Like you, I too have health and fitness goals. And although active workouts are vital in order to reach these goals, the restorative recovery time is just as important. Some may think of restorative yoga as just "stretching", and that has little relevance to fitness. Same goes with breath work and other meditation techniques. However, this past week has reminded me how much I truly disagree with that and just how valuable it is to understand this. We must be constantly healing our bodies and minds while challenging our bodies and minds. We need to allow muscles to recover, as well as connective tissue to relax and heal. It is necessary to slow our minds down in order to listen and be present with ourselves and what our bodies are really telling us. Recovery time doesn't always mean a day off. It means a day to heal. Sometimes rest is what we need. Sometimes it's gentle yoga. Sometimes it's Pilates. Sometimes it's meditation. Sometimes it is sitting still and breathing. There is a myriad amount of recovery techniques out there. While I do practice many of these techniques, my personal goal is to make these a scheduled priority just as much as all of the active things I do to reach my goals and feel good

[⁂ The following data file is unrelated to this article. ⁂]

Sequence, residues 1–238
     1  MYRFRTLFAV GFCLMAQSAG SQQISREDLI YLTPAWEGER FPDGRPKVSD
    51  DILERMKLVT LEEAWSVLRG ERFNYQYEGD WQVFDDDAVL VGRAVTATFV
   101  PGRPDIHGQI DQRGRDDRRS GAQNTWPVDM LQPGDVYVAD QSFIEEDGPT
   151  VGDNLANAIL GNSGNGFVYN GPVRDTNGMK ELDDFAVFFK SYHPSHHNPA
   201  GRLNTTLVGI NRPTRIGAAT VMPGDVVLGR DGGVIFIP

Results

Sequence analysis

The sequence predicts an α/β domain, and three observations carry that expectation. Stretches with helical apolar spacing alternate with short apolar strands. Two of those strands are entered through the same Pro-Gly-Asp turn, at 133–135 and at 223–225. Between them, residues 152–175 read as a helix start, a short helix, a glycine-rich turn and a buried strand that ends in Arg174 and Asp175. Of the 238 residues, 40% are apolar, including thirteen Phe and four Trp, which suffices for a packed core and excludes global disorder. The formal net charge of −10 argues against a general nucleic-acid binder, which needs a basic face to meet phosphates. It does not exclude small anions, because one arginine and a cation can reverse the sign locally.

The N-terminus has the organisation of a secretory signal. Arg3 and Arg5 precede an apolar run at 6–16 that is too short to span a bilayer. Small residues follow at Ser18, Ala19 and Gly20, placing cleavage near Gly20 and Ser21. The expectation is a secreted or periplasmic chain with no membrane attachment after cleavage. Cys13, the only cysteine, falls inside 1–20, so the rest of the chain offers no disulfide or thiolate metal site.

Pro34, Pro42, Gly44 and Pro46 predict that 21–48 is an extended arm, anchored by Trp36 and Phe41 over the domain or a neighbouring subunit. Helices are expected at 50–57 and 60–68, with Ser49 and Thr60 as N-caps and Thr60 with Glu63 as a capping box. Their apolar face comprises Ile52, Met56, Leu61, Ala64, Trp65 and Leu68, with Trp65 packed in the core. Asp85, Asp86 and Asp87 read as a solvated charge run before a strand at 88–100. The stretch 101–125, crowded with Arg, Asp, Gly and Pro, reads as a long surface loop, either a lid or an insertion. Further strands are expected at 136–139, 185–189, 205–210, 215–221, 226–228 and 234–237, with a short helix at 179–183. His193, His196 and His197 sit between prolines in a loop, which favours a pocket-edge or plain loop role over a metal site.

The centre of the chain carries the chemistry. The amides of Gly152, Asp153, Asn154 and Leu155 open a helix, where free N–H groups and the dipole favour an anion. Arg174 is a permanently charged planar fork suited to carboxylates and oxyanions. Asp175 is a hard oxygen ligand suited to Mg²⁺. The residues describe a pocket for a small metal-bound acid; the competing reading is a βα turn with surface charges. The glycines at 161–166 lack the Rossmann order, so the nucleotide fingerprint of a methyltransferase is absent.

We all need both sides of the coin. One will almost always be more challenging than the other. For some, the inner, more healing, work comes naturally and the active work is a challenge to make priority. For me, and for others, it is the inner/restoritive work that takes more effort to make time for. Each person is different in this way. But realistically and scientifically, we all need both. So take a moment to think. What do you prioritize for yourself? Is it "active" or "restorative"? What can you do to add in more of the other? Take the time to set your goals and go after them, all while caring for yourself along the way. You will feel better when you reach your goal feeling balanced, healthy and happy.

 

-Joanna

 

Any questions on what to incorporate into your health and fitness routine, feel free to email me on the Contact page.